• Fund public transport e.g., through a season ticket
  • Provide school buses
  • Provide taxis or minibuses
  • Provide escorts to walk children to school.

How do I apply for transport?

Local authorities must publish general arrangements and policies on school transport for children of compulsory school age.

To apply for transport, contact the local authority transport department and complete an application form, attaching any evidence necessary to demonstrate that you fulfil the criteria stated above; for example, proof of receipt of free school meals or Working Tax Credit or proof of a child’s SEN or disability.

You can also apply online here: Local Offer Home to School transport

Why might the local authority refuse free transport?

If your child attends a school which is outside of the statutory walking distance, but the local authority can demonstrate that there is a nearer suitable school, then it is not liable to provide transport. The local authority must show that there is a real prospect that the child could get a place at that suitable alternative school.

What if my circumstances change during the school year?

The expectation is that once assessed as eligible for school transport the child should be eligible for the whole year, and the local authority should avoid disrupting a child’s education by withdrawing school transport during the year.

What is the law on transport for children with an Education Health Care Plan (EHCP)?

The SEND Code of Practice 2015 sets out the considerations for a child with an EHCP.

  • If the parents’ preferred school is further away from the child’s home than another school that can meet the child’s special educational needs, the local authority can name the nearer school if that would be compatible with the efficient use of resources. Alternatively, the local authority can name the parents’ preferred school with the condition that the parents agree to pay all or part of the transport costs.
  • Where the local authority names a residential placement at some distance from the parents’ home and the local authority, they should provide transport or travel assistance (such as reimbursement of public transport costs, petrol costs or provision of a travel pass).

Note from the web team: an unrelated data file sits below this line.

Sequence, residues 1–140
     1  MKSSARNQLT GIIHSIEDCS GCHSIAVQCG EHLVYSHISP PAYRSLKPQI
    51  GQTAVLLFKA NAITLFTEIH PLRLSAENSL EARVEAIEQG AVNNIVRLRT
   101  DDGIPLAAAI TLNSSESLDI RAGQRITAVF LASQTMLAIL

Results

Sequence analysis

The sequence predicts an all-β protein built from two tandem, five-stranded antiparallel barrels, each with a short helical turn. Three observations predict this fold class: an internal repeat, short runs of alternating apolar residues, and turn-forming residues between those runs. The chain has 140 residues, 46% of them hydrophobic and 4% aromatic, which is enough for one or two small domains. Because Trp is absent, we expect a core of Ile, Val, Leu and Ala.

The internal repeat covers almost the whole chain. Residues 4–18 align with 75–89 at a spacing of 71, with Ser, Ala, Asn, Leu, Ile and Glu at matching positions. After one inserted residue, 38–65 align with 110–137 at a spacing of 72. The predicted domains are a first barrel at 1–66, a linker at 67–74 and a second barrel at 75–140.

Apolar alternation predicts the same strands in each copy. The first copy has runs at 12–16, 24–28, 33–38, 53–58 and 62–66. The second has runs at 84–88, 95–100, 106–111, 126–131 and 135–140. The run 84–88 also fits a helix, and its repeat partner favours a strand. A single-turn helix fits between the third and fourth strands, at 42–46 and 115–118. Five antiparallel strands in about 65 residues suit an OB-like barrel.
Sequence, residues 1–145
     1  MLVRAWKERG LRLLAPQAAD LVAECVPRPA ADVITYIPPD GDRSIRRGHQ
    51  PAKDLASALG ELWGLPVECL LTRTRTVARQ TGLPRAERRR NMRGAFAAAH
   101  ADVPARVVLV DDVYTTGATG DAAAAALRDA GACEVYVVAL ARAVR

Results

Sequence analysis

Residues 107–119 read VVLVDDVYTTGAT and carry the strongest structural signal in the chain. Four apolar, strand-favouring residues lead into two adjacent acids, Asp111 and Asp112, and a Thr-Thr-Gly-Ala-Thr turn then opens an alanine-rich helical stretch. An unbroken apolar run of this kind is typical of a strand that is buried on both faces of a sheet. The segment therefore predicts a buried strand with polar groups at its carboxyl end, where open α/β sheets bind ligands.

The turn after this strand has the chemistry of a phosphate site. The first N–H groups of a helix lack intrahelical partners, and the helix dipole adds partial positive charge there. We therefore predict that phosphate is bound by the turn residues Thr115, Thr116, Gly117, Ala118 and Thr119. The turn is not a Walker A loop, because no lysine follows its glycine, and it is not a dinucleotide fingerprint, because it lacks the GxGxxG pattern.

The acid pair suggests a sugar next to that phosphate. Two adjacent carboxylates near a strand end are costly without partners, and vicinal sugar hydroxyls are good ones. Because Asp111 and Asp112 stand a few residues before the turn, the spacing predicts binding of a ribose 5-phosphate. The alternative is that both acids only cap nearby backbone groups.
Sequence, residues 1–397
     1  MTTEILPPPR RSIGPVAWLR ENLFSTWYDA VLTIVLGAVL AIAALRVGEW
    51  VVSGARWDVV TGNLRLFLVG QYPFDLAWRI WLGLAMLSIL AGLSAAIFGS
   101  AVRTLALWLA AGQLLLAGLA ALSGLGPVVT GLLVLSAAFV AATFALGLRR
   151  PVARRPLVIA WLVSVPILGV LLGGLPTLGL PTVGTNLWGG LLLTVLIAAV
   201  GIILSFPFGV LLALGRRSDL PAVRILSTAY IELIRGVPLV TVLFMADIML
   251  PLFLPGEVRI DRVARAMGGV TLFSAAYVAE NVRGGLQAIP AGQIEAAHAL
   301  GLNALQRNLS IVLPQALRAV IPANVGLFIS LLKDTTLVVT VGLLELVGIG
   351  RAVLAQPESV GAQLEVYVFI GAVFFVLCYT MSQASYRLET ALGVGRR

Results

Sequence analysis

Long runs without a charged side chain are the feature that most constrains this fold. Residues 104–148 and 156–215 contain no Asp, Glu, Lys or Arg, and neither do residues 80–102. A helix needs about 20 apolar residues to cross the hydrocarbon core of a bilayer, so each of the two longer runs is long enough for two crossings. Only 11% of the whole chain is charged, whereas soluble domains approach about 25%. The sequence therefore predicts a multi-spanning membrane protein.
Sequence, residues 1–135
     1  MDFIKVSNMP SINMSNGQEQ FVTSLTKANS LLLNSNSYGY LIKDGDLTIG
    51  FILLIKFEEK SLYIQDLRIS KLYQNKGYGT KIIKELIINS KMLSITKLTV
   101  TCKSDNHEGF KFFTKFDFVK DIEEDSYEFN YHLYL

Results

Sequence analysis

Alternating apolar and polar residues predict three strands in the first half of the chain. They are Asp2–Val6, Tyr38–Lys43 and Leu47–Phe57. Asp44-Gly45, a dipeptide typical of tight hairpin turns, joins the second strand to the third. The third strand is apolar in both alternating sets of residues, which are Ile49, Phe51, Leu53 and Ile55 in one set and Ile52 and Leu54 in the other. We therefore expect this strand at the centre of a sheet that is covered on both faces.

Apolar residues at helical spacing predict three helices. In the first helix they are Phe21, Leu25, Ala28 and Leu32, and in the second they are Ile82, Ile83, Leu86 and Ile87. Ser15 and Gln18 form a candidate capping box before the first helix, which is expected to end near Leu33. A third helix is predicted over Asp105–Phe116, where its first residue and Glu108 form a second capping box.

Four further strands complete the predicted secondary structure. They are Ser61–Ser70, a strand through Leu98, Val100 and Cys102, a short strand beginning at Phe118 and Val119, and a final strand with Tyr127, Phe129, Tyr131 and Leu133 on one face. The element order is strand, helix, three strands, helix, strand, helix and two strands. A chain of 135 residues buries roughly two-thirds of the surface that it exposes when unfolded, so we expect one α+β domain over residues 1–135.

• In exceptional cases where a child has particular transport needs this will be set out in the child’s EHCP.

Specifically for those with an EHCP:

  • The Local Offer must contain information about arrangements for transport (including for young people up to the age of 25 with an EHCP), including specific arrangements for specialised transport.
  • Transport costs may be provided as part of a Personal Budget where it is agreed and contained in the EHCP.

Can I appeal a refusal of transport?

There is a right of appeal if the local authority refuses transport for your child. The local authority must provide you with details of how to appeal.

Can the local authority withdraw transport because of bad behaviour?

Schools can cover behaviour on school transport under their behaviour and discipline policies and impose sanctions on the child for misbehaviour. It is possible for the school to withdraw transport, either temporarily or permanently, due to poor behaviour. A school can also exclude a child for poor behaviour on school transport. It is worth checking the specific policy in question as there may be options to request a review. You may also wish to discuss the possibility of an escort to ensure future behaviour is better.

Is there transport for young people over 16?

Since June 2015 young people are required to stay in education or training to the age of 18. The government has issued statutory guidance on Post-16 transport to education and training 2014 which local authorities must have regard to when carrying out their responsibilities.

Local authorities have discretion to determine transport and financial support in their area and must publish their policies on this. Local authorities must have regard to:

  • The needs of those who could not otherwise access education or training; and in particular, those not in education, employment, or training (NEET); young parents, and those living in rural areas.
  • The young person having reasonable choice between educational options.
  • The distance between home and the educational establishment.
  • The journey times.
  • The journey costs.
  • The needs of learners with learning difficulties and/or disabilities.

Further links and resources

Home to School / College Transport

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Transport Portal